Ethan Hawke plays James Sandin, a 30 something alarm and security systems area manager. The neighborhood seems to love him due to the fact that he is keeping the rich shored up with his protective wares. We find out later how some of them really feel. There is so much resentment in this film you could cut it like a knife. The most astounding thing to me is the rapid process that causes normal citizens to kill. He has a high school aged daughter (Adelaide Kane) who is in the house with her boyfriend. They have sex (in keeping with the horror tradition). He has a young son (Max Burkholder) who has health issues and a wife (Lena Headey) who is very strong and definitely a foundation for the family success. I couldn’t help but think he wouldn’t be one of the rich with a slaes job. Still, it’s relatively believable.

I see The Purge as a highly violent Twilight Zone where a commentary on human nature is being displayed. I find this exciting. If only I could believe that movie goers at large saw this message. This is a good horror film that engaged me but that I am surprised was made into 2 other sequels. I am not sure I’ll be quick to see #3, though I will see it for sure. I have watched #2 already. If you go purely for horror you will enjoy it. If you want the Purge to show you a message about democracy and humanity, you’ll need to wait for a better made sci fi film. I recommend it to you as a well-made horror film and poorly crafted sci fi with potential.

The Purge: Election Year

Although there were quite a few masks, it seems the masked killers were showing their faces this time. It’s easier to believe people in America would purge when they wear masks.

It’s easier to believe the Purge when the masks are on. That’s when the magic of the film happens. It’s violence and fun and … yes, election year!

purge-poster

The Purge: Election Year
Cast

Frank Grillo, Elizabeth Mitchell, Mykelti Williamson

Directed by

James DeMonaco

Written by

James DeMonaco

Other Info

1h 45min | Action, Horror, Sci-Fi
Rated R

I rate a movie based on what genre it says it is. This makes horror movies tough because the genre is not cut-and-dry like the others. If horror is scares that produce a negative reaction such as fear, shock, sadness, etc. then The Purge: Election Year is more thriller than horror. Because it advertises as horror and produces few scares, it lost a star with me. Having said that though, it’s a pretty good thriller. Frank Grilli is back as Leo Barnes from the second film of the franchise. His son was killed in the Purge and now he has become the special security for a congresswoman running for President, Senator Charlie Roan played by Elizabeth Mitchell. The senator witnessed the brutal execution of her entire family in a Purge and as a result is running for President to use an executive order to end the Purge.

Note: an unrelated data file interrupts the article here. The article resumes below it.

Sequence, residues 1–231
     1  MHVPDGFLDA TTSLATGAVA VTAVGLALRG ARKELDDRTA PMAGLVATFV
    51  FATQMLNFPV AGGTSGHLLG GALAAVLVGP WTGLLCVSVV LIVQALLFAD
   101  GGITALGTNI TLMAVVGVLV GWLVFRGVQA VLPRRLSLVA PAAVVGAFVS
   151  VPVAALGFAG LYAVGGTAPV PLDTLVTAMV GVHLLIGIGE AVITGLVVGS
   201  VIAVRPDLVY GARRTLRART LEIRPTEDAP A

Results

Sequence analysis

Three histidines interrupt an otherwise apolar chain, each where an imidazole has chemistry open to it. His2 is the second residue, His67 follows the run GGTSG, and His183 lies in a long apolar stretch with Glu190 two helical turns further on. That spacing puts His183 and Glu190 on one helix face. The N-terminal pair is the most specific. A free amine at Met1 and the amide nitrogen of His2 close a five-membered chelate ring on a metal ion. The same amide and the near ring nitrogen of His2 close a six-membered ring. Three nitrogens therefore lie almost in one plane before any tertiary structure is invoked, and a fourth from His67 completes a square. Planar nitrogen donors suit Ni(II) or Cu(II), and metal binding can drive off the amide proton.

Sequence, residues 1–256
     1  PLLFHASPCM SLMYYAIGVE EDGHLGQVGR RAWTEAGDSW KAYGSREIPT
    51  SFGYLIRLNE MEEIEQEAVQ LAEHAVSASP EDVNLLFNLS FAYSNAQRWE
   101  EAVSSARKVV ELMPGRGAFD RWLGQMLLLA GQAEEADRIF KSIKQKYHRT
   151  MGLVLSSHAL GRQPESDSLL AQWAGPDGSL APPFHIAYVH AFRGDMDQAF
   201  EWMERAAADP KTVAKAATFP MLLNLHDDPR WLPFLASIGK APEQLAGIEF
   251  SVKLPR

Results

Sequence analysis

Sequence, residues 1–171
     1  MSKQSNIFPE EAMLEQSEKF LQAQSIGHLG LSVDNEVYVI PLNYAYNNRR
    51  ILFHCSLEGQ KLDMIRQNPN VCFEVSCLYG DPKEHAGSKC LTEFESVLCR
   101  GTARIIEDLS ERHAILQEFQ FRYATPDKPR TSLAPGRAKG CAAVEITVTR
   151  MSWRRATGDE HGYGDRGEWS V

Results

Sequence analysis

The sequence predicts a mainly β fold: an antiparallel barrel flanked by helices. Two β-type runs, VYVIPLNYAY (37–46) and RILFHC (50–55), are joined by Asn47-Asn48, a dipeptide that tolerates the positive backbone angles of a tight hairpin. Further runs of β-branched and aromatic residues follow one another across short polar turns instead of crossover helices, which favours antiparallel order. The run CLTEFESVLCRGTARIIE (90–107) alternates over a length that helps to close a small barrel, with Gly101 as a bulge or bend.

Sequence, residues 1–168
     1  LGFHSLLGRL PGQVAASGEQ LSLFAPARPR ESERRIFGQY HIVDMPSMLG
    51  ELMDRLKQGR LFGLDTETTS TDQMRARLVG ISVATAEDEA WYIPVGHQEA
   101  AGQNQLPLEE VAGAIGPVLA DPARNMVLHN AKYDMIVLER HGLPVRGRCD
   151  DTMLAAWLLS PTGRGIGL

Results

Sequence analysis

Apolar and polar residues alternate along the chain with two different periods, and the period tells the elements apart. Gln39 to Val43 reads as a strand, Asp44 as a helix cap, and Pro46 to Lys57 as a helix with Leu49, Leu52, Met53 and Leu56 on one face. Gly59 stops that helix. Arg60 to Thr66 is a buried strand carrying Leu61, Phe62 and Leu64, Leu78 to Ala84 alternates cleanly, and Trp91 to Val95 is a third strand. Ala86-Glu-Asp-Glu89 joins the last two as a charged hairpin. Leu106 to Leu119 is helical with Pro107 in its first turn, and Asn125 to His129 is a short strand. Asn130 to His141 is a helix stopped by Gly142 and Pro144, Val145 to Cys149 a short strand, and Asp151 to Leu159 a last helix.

On the inner city front, Mykelti Williamson plays shop owner Joe Dixon who has just lost his Purge insurance along with millions in the city. The companies pulled out at the last minute offering continued coverage but only for impossible sums. The result is that many low to middle income people are vulnerable to the Purge. We saw this in the first two movies as a theme of the wealthy vs middle class. purge2The plot continues to a full on battle to keep the Senator safe. She is the hope of the middle and lower class to end the Purge. I started watching this franchise thinking what it could mean, because it’s not a movie to be taken at face value. Now, after the third installment I find the purpose and message of the film more muddied.As with the first film, I think an important message is to love your neighbor and not shoot his brains out with a shotgun, There are subtle things to take out of it too but few thrillers focus on morality and even less horror films do. It’s action packed and there is some vengeance play that’s fun to watch. This is a well made movie but the masks were under utilized. Finally, it comes up short on scares for a horror movie.